Biofuels industry urges US administration to fast-track clean fuel tax credit guidance

Source: By Eamonn Brennan, S&P Global • Posted: Thursday, May 16, 2024

Representatives from the US biofuels industry urged the administration to finalize and publish guidance for a significant new renewable fuel production tax credit as soon as possible in a letter published May 15.

The letter, signed by 25 trade associations representing producers, blenders, retailers and feedstock providers, including corn growers, called on US Treasury Secretary Janet Yellen to “move ahead with all possible urgency” to “ensure there is no interruption in the development of these facilities and production of these fuels.”

“The clean fuels marketplace is a complicated ecosystem that is tied in many cases to agricultural inputs and feedstock production, sales of fuel and futures, allocations to third-party marketers and other factors that require many months of advance understanding of the new tax structure,” the letter said. “With [the credit] set to take effect January 1, 2025, our member companies and organizations may face significant headwinds and business risk if this guidance is not published promptly.”

High guidance stakes

The IRC Section 45Z Clean Fuel Production Credit, colloquially known as 45Z, is a federal tax subsidy outlined in the 2022 Inflation Reduction Act designed to incentivize the domestic production of fuels with 50% lower lifecycle greenhouse gas emissions than petroleum. It will replace several expiring tax credits for the production of specific kinds of biofuels but, unlike those past provisions, will be “technology neutral” and designed to subsidize production of any kind of fuel that can meet the GHG reduction target.

According to the Congressional Research Service, the credit is also designed to scale beyond the 50% reduction threshold, up to a maximum of $1/gal for nonaviation fuel and $1.75/gal for aviation fuel. Producers that reduce carbon intensity scores beyond 50% are eligible for an additional 2 cents per point of carbon intensity reduction; a 60% reduction would net an additional 20 cents/gal.

Those subsidies could be significant sources of revenue for biofuels producers, but who exactly will be able to qualify — and what techniques they will need to employ at various stages of the supply chain — remain uncertain.

“U.S. biodiesel and renewable diesel producers are facing uncertainty as the transition from the biodiesel and renewable diesel blender credit to the producer credit,” Clean Fuels Alliance America Vice President of Federal Affairs Kurt Kovarik said. “They are facing difficulties already as they try to negotiate feedstock and fuel offtake contracts for next year. The need for policy certainty is urgent.”

The letter was also signed by the National Corn Growers Association and the Renewable Fuels Association, large groups who lobby on behalf of ethanol producers who are pushing to participate in the IRA’s clean fuel credits despite environmentalists’ suspicions about the carbon emissions and land use complications of ethanol production. US Secretary of Agriculture Tom Vilsack has encouraged corn growers to begin using climate-smart agricultural practices while insisting US agriculture will benefit from the administration’s desire to find and produce more low-carbon fuel.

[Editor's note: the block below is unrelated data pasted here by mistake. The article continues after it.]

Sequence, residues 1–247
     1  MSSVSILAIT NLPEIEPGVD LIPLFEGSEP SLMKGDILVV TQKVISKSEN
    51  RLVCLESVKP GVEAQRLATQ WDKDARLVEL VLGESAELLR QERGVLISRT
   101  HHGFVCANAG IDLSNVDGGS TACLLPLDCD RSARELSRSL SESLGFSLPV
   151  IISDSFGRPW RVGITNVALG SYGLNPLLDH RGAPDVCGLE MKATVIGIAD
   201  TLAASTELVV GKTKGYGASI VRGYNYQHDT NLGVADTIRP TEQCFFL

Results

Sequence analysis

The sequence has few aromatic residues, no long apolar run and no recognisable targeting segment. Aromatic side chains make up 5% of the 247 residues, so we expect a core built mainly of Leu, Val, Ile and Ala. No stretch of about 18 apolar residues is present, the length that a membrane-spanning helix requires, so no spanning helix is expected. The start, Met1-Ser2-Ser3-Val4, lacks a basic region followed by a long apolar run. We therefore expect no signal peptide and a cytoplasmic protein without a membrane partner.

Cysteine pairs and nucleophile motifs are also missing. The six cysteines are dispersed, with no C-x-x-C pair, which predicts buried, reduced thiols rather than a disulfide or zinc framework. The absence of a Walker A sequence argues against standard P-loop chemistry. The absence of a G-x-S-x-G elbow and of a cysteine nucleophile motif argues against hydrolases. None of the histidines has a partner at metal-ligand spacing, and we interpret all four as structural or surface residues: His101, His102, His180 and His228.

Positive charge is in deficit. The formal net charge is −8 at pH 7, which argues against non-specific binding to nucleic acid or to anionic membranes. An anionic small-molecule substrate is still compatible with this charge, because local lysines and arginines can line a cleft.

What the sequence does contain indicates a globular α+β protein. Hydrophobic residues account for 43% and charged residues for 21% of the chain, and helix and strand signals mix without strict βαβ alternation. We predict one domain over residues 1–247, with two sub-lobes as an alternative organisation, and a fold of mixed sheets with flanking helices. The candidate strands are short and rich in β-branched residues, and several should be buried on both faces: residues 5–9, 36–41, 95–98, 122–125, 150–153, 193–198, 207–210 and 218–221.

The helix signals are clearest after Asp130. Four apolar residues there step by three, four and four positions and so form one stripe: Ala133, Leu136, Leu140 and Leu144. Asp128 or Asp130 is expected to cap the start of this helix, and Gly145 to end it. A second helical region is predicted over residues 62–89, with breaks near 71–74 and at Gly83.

Hints from the SAF credit fight

A similar dynamic played out in the fight for eligibility for the Inflation Reduction Act’s 40B credit, which specifically incentivized the production of sustainable aviation fuel that met the 50% emissions reduction target. The guidance for that credit, released April 30, was delayed by nearly two months from its initial deadline, the result of a lengthy interagency process to update the Department of Energy’s GREET model to codify how fuel made from corn and soybeans would be scored on a lifecycle GHG emissions scale.

In the end, corn feedstocks needed to be the product of a “bundle” of climate-smart agricultural practices: no-tilling, cover cropping, and enhanced efficiency fertilizer. Without all three, ethanol could not qualify for SAF production credits.

Industry response to the 40B guidance was mixed. While some lamented the need for all three practices and called land use concerns inflated, most groups were pleased the government had for the first time codified the impact of such techniques on emissions reduction.

Mostly, because the timing of the announcement came in the midst of spring planting season, the 40B guidance was seen as symbolic, at least for 2024.

“Treasury’s SAF guidance speaks more to the administration codifying the important role CSA practices play in decarbonizing liquid fuels than the amount of ethanol-to-jet that will qualify for the 40B credit,” American Coalition for Ethanol President Brian Jennings said.

Sustainable aviation fuel could represent a “$36 billion industry,” Vilsack said in April, but the market remains nascent. In 2022, the administration launched the SAF Grand Challenge, which aims to boost SAF production by at least 3 billion gallons/year by 2030 and 35 billion gallons/year by 2050. Currently, however, SAF accounts for just 0.05% of jet fuel worldwide. At the time, Vilsack hinted the 45Z model could look similar to 40B.

“The guidance provided by the Treasury Department is going to provide a clear pathway for how best to qualify for the 40B tax credit, but also create a process to expand opportunities under 45Z,” Vilsack said. “It sends a clear signal to the market that they are going to be a part of this exciting new future in 2025 and beyond.”

“45Z is where the rubber really meets the road,” Renewable Fuels Association President Geoff Cooper said.